BRANDON — A successful penalty kill begins long before the offending Lightning player, whistled two minutes earlier for some infraction, leaves the box with the score unchanged. It begins with a detailed scouting report of the opposing team’s power play units and the game plan developed by associate coach Rick Bowness on how the Lightning intend to shut it down. "He does a great job of getting us prepared," defenseman Braydon Coburn said.
BRANDON Ч At one point during SaturdayТs game against the Islanders, the Lightning was first in the NHL in points and second in points scored by its defensemen. ThatТs one reason the team is off to the best start in franchise history. ItТs also by design. Maybe not to be at or near the top of the leaderboard, though thatТs not so bad, but to generate more offense from the blue liners.
TAMPA — Jon Cooper stood at the podium postgame late Saturday to address the media after a regulation loss for only the third time this season. "Let’s be honest," he said, "we’ve had one hell of a start." The loss, he added, was frustrating, even when you haven’t experienced many in the first 20 games. Tampa Bay’s 5-3 loss to the Islanders Saturday was just the third time the Lightning (15-3-2) failed to earn at least one point.
Muck Rack makes it simple to find people, tweets, or articles that mention any name, keyword, company, hashtag etc. We've compiled this guide to help you make the most of your search.
Selecting a term
Start searching tweets, articles from media outlets, articles mentioned in tweets, journalists'
names, titles and bios with some suggested searches:
Companies or Topics (e.g. iPhone, Microsoft)
Phrases (e.g. "cloud computing") — use quotes to keep the terms together
Twitter handles (e.g. @username) — returns those who have mentioned or replied to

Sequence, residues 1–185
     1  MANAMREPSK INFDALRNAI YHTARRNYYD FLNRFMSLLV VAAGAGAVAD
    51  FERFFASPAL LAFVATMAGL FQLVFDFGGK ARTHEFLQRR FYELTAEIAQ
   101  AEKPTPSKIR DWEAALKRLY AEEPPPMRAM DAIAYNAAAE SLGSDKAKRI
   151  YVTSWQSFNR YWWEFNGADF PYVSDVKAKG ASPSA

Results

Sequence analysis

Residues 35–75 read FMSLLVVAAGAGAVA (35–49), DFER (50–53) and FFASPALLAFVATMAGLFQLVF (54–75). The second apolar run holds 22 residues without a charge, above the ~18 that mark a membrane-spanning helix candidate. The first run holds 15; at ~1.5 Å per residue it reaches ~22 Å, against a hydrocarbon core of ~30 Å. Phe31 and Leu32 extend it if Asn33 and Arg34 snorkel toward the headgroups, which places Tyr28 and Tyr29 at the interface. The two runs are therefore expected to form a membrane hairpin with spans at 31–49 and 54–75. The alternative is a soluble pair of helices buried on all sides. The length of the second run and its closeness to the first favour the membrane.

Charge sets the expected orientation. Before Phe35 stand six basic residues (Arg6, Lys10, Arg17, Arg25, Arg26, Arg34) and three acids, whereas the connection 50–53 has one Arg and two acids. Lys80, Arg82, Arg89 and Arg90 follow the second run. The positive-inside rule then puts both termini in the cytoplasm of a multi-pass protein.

Names (e.g. "David Pogue")
Hashtags (e.g. #sxsw, #london2012)
Bio details (e.g. vegan, Olympics, father)
Muck Rack's Advanced Search allows for many boolean operators.
Find results that mention multiple specified terms, use AND or
+. For example, ensure each result contains both Elon Musk and Mark Zuckerberg by
searching Musk AND Zuckerberg or Musk + Zuckerberg.
Use the operators OR or , to broaden your search when you'd like either of
multiple terms to appear in results. (This is the default behavior of our search when no operators
are used). For example, results will contain either cake or cookie by searching cake OR cookie or cake,cookie
Use NOT or - to subtract results from your search. For
example, searching Disney will yield results about the Walt Disney Company as well as Walt Disney
World Resort. To exclude mentions of Disney World, search for Disney -World or Disney
When using one of these operators with a phrase, enclose it in quotation marks. For example, you can
find results about smartphones excluding Apple's iPhone 4S by searching smartphone -"iPhone
Exact case matching or punctuation
If you're searching for a brand name or keyword that relies on specific punctuation marks or capitalization, you can
find results that match your exact query by adding matchcase: before the keyword you're searching for, like matchcase:E*TRADE .
Use parentheses to separate multiple
boolean phrases. For example, to find journalists talking about having fun in Disney World or
Disneyland, search for ("disney world" OR disneyland) AND fun.
An asterisk can be used to search for any variation of a root word truncated by the asterisk. For example, searching for admin* will return results for administrator, administration, administer, administered, etc.
A near operator is an AND operator where you can control the distance between the words. You can vary the distance the near operation uses by adding a forward slash and number (between 0-99) such as strawberries NEAR/10 "whipped cream", which means the strawberries must exist within 10 words of "whipped cream".